Effects of Work Zone Detours on Rural Highway Traffic OperationsAuthor/Presenter: Lee, Clyde E.; Ahmad, Safry Kamal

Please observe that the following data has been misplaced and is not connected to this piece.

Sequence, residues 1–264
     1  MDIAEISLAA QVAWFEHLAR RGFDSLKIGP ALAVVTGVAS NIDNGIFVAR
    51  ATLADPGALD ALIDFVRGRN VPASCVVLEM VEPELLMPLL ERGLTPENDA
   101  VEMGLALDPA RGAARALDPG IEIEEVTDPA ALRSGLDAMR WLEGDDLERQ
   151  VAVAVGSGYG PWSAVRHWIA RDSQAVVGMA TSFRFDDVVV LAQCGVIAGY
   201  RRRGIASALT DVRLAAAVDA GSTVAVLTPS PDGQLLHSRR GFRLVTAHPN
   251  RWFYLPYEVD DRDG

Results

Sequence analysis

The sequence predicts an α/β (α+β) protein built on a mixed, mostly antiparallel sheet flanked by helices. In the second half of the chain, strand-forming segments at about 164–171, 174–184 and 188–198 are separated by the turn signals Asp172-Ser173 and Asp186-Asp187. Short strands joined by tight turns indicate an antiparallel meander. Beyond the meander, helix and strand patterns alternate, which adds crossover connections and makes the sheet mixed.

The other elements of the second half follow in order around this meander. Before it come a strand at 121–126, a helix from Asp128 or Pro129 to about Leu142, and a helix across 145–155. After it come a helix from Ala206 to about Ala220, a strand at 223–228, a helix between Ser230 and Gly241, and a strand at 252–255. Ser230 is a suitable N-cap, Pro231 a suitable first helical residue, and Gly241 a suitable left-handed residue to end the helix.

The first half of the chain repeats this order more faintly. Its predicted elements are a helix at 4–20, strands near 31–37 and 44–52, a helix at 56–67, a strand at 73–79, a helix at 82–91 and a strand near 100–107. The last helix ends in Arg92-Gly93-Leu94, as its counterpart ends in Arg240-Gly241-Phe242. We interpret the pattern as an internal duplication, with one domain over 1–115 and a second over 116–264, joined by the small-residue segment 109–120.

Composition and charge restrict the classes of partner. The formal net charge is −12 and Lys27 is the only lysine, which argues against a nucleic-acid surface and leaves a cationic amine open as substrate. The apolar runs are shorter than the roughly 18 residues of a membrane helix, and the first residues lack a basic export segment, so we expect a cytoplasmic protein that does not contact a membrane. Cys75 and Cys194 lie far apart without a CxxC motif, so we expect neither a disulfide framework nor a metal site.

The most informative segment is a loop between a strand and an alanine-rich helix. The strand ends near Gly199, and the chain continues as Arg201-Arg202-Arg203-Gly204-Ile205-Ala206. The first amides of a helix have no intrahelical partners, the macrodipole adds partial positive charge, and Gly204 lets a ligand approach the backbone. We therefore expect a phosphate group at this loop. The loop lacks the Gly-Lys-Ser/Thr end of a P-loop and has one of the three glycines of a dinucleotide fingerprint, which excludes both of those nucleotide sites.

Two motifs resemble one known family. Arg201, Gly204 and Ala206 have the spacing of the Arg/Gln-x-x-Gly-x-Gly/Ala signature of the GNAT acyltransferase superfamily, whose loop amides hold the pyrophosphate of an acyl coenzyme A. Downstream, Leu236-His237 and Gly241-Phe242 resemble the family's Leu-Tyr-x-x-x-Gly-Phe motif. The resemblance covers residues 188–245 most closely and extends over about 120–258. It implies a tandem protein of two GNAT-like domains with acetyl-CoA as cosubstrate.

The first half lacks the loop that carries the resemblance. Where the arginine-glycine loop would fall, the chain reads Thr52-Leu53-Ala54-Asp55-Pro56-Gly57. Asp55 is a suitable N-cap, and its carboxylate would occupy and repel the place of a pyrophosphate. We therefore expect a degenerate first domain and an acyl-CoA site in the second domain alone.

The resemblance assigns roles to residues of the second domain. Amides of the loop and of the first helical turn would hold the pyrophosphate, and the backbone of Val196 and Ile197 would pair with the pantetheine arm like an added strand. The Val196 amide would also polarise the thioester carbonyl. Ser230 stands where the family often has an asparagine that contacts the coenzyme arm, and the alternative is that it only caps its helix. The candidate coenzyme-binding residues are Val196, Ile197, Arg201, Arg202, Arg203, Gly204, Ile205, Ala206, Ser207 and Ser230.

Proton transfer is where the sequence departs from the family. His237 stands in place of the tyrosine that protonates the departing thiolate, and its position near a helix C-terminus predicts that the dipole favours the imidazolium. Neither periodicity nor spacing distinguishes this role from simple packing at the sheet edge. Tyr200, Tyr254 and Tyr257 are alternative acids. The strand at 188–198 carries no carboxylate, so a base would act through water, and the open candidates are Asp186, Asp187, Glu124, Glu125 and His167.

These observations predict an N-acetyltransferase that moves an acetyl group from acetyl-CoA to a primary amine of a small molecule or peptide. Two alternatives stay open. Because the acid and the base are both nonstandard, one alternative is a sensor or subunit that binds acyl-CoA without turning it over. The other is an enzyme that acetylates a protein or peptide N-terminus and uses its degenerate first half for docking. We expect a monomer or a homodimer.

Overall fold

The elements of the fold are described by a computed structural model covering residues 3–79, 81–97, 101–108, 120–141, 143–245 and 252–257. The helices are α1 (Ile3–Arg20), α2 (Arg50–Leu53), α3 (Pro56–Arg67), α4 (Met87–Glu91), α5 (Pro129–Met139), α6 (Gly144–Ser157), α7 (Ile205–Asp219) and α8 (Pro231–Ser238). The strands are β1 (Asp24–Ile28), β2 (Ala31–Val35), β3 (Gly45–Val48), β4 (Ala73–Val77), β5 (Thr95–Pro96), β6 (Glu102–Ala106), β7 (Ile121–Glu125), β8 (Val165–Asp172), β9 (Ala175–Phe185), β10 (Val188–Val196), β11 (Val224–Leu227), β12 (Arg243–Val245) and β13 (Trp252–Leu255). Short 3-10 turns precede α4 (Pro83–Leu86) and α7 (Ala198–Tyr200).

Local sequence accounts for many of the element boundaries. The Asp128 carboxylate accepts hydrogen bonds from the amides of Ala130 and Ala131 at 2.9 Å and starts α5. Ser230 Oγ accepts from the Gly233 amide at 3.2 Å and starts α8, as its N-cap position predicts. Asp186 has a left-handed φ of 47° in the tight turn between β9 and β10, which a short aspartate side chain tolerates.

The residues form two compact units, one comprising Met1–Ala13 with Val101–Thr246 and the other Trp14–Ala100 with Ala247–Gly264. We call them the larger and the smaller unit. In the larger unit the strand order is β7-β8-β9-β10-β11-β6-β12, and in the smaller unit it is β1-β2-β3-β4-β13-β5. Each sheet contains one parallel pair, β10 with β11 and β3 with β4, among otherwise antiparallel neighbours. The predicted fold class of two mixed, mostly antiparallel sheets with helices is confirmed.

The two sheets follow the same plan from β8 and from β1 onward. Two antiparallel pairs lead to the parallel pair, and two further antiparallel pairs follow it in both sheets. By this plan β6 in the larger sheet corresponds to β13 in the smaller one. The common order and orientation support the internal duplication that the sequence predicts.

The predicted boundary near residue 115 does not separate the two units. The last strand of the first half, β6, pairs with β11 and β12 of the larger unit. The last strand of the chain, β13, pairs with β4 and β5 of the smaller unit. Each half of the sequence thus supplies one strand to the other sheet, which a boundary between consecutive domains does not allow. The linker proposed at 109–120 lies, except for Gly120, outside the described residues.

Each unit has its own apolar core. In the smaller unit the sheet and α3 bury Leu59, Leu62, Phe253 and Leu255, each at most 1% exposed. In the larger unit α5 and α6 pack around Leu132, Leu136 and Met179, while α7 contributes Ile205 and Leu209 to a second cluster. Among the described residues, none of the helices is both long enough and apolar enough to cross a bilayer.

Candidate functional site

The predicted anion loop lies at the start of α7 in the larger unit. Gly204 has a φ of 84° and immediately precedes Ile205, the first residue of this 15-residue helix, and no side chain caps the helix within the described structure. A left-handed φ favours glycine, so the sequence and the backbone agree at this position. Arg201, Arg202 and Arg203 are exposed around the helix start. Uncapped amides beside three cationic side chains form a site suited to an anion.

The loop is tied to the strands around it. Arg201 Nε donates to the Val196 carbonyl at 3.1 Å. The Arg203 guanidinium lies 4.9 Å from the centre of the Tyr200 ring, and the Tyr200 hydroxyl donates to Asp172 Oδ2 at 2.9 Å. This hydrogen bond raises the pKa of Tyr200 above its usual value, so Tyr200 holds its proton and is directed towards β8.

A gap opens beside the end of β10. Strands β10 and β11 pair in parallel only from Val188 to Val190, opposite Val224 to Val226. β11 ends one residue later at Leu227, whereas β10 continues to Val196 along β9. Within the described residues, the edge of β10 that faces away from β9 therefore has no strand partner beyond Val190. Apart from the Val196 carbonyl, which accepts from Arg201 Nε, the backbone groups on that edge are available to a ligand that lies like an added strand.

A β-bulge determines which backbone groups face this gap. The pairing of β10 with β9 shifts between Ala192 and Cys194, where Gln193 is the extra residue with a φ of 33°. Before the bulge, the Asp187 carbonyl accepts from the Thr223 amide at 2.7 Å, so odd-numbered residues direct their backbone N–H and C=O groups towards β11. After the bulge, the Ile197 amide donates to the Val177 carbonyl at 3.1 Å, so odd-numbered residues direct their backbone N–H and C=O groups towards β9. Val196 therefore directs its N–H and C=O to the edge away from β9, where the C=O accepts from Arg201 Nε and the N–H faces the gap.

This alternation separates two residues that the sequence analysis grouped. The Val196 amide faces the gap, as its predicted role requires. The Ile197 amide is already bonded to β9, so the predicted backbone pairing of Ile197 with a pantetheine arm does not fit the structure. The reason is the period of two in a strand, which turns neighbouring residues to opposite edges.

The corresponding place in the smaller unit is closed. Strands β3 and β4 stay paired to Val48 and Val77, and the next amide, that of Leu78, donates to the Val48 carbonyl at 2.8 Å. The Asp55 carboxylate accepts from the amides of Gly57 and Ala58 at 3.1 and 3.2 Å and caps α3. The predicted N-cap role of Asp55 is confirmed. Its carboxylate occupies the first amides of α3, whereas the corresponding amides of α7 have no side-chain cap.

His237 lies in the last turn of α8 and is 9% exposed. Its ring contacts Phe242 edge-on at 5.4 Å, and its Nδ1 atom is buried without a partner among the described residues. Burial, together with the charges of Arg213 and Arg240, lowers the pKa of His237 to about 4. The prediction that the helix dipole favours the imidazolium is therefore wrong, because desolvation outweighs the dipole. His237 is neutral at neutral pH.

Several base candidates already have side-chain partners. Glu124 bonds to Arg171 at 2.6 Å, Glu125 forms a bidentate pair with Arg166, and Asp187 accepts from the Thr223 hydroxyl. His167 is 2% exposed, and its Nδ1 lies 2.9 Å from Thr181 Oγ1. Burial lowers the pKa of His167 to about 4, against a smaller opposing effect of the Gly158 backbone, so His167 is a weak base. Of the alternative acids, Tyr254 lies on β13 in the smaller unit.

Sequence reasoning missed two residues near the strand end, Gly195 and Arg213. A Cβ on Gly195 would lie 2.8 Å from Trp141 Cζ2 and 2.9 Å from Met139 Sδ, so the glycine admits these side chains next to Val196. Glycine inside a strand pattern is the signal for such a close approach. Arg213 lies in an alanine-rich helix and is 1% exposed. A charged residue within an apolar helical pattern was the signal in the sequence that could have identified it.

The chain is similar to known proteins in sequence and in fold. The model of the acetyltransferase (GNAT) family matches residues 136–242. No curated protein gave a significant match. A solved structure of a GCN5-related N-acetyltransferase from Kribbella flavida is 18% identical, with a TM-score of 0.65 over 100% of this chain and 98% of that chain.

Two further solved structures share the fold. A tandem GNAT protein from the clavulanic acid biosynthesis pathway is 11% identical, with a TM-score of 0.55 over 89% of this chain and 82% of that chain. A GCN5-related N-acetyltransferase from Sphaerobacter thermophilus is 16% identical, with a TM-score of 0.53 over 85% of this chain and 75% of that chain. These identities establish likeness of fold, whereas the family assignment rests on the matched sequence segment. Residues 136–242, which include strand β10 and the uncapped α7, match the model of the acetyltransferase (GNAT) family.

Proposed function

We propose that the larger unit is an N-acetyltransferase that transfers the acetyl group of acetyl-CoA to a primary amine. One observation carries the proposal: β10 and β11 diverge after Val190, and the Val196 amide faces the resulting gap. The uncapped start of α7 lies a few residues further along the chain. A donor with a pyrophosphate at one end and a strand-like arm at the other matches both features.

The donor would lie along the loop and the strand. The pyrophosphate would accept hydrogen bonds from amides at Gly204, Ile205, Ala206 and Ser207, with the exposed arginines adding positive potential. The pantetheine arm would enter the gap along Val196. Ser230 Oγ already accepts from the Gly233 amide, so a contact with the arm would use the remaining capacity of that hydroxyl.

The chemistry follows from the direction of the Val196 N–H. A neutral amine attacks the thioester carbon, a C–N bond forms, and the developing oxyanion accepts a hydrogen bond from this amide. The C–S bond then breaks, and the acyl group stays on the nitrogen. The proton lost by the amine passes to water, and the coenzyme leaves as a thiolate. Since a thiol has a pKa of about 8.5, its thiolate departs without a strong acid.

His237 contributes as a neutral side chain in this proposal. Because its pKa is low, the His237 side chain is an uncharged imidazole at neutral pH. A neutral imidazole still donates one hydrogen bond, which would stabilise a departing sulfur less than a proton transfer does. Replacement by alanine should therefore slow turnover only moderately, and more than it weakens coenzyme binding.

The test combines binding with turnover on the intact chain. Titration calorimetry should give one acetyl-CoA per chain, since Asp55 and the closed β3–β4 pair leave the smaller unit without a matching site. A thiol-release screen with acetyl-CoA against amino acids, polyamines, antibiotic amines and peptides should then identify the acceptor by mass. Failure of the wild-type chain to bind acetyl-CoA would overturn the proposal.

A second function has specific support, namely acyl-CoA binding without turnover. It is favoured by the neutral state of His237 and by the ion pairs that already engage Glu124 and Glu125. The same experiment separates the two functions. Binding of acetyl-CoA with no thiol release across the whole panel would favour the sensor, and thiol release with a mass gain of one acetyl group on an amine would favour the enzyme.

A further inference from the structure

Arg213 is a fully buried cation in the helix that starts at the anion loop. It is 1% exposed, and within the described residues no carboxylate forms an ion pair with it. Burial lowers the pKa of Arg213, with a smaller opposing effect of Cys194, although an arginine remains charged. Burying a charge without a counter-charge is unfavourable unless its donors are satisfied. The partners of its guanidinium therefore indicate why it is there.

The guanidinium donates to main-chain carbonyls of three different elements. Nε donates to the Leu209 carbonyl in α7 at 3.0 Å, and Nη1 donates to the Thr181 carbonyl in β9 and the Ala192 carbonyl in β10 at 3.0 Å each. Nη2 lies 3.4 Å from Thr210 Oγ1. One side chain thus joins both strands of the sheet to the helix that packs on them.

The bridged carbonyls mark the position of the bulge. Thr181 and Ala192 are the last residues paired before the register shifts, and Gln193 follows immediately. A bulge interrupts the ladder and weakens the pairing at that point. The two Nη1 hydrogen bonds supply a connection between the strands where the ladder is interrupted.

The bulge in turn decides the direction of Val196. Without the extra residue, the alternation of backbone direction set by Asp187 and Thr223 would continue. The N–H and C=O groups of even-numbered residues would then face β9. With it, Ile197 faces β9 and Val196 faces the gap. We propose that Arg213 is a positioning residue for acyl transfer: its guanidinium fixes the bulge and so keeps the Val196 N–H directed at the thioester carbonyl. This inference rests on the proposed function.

The study examines tow US 59 work zone sites and their impact on rural highway traffic. After first recording typical traffic under free-flow conditions (using infrared sensors and reflectors mounted just off the pavement), the researchers then monitored vehicle volume and vehicle speed both during and after work zone construction to identify the traffic operational effects resulting from work zone detours and lane closures. Vehicle speeds, along with the effects of various truck volumes, were analyzed. Two work zone detour strategies were particularly studied: (1) those involving long-term lane closures using concrete barriers, and (2) those involving temporary lane closures using barrel-type barricades. Lane closures involving concrete traffic barriers produced a smaller reduction in free-flow speeds when compared with lane closures of temporary barrel-type barriers. Vehicle speeds through the two work zones were also determined to be influenced by truck volumes and total traffic. Moreover, vehicle speeds were found to vary at different times of the day and during weekdays and weekends. As this study confirmed, lane distribution of traffic on a normal four-lane divided highway varies with increased traffic volume, with a tendency for traffic to distribute equally between the two lanes.